For beginners we recommend a Slackline length of about 8-10m. The longer the line the bigger the amplitude (especially in the middle of the line). That makes it difficult for beginners. However the line should also be not too short (meaning the line should not be less than 5m in length), because in that case the amplitude of the Slackline becomes very high which firstly most often increases the random shaking of the legs and secondly will not allow the Slackline typical adjusting/ balance out movements.
NOTE: We recommend helping and supporting one another while taking your first steps on line.
As the term Slackline indicates one of its key features is the slack, referring to the fact that the line will give under the slackliners weight. That means that in contrast to the traditional tightrope walking it is especially that movement, the swinging-through of the line under ones body, which forms the key to this unique form of balancing we call slacklining. As a rule of thumb “normal” slacklines are set up using a midrange tension of about 50-200 daN. One thing that should be considered is that the line should not touch the ground in the middle when balancing. If you tighten a slackline even harder it does not necessarily mean that balancing becomes easier – by doing so – especially on short distances – the amplitude is lowered which will increase the frequency respectively. This first of all limits the movements of the line and thereby directly decreases your options to move and stay on line.
Get in position by standing parallel to the line about one third from fixpoint (1) – preferably facing fixpoint (2) which is further away. Now place your foot – the one next to the line – flat and straight on the line. Then use the leg remaining on the ground to push yourself up onto the line. Stability wise it’s advisable to place the second foot directly behind the first one. By following this tip beginners will avoid the so called “open” and therefore instabil position. When balancing your legs should never be completely straight - have them rather slightly bend at all times.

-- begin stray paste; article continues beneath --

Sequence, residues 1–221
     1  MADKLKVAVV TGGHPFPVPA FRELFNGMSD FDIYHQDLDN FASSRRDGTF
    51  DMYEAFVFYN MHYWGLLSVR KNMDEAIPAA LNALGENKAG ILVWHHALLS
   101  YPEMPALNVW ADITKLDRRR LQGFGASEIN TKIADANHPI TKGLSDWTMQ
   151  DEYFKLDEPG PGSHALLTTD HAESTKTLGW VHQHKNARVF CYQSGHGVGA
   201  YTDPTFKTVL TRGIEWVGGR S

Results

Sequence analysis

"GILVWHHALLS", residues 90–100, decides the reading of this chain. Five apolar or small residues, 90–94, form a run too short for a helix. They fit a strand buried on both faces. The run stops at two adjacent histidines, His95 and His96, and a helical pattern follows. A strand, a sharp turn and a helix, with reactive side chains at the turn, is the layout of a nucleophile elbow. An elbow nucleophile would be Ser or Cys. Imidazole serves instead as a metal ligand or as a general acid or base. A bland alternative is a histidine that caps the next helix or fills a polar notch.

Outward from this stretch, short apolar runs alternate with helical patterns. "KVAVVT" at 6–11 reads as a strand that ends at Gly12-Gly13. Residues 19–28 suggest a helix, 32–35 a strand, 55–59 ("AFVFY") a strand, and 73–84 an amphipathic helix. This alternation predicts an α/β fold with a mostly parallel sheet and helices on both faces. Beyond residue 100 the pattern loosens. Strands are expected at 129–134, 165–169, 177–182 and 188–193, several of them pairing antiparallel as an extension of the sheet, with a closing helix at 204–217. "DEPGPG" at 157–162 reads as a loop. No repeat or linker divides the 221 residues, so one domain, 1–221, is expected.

NOTE: Every beginner will experience the typical leg-shaking at an early stage during the first tries on line. The muscles need to adapt to the unpredictable movements of the line and the forces accompanying it. This should not irritate you – no reason to give up – just a few tries later the shaking will be almost gone already. First of all it is important to get a feeling for the line.
First of all: When slacklining there is no strict right or wrong. Favourable and good is what works. What we will present in the following and refer to as the fundamental position, works and is the result of many years of experience and has proofed its efficiency in numerous slackling courses. The fundamental position can be described as follows: The knees should be bend slightly, the chest upright, the arms in the typical “Hands up!” position. When standing with both feet on the line the main weight should be placed on the front foot (about 80%). When standing just on one foot the centre of gravity should be located vertically above the foot on the line if possible. By doing so a so called “neutral position” is reached without leaning forwards or backwards.
NOTE: Focus a point with you eyes, preferably at the end of the slackline. Looking down to the ground or watching your own feet when balancing most often results in leaning forward of the whole body as most often the head is not moved solitarily. For keeping the balance our own tests showed that it makes most sense to visually “hold on to” something non moving – therefore not the line itself.
We also recommend to try the first steps on line accompanied by a helping hand, to get a feeling for the line without. It is important to remember not to fall into the next step but rather feel into it. When swinging your foot slowly forward in order to make a step try to keep the legs close together (see below left) – this will help to place your foot precisely on the line without looking down.
When slacklining all three levels of your body are used for keeping the balance: the shoulders with the arms, the hips and the legs. In contrary to tightrope walking - meaning a steelcable pulled tight which does not give under the body´s weight and therefore does not move at all – when slackling especially the hips´ movement is of great significance.
NOTE: In case of insecurities rather lower the centre of gravity by bending your knees. As an alternative try to press your knees together to avoid the insecure “open position”
Slacklining may cause injury. When you do, imitate or reproduce exercises/ tricks/ rigging options shown shown on www.slackline-tools.com, any video or picture by slackline-tools you always do this at your own risk and responsibility. We do not take any responibility for corporal, consequential or collateral damage which is caused by the imitation or reproduction of exercises/ tricks/ rigging options. This only applies if there are no conflicting imperative legal provisions.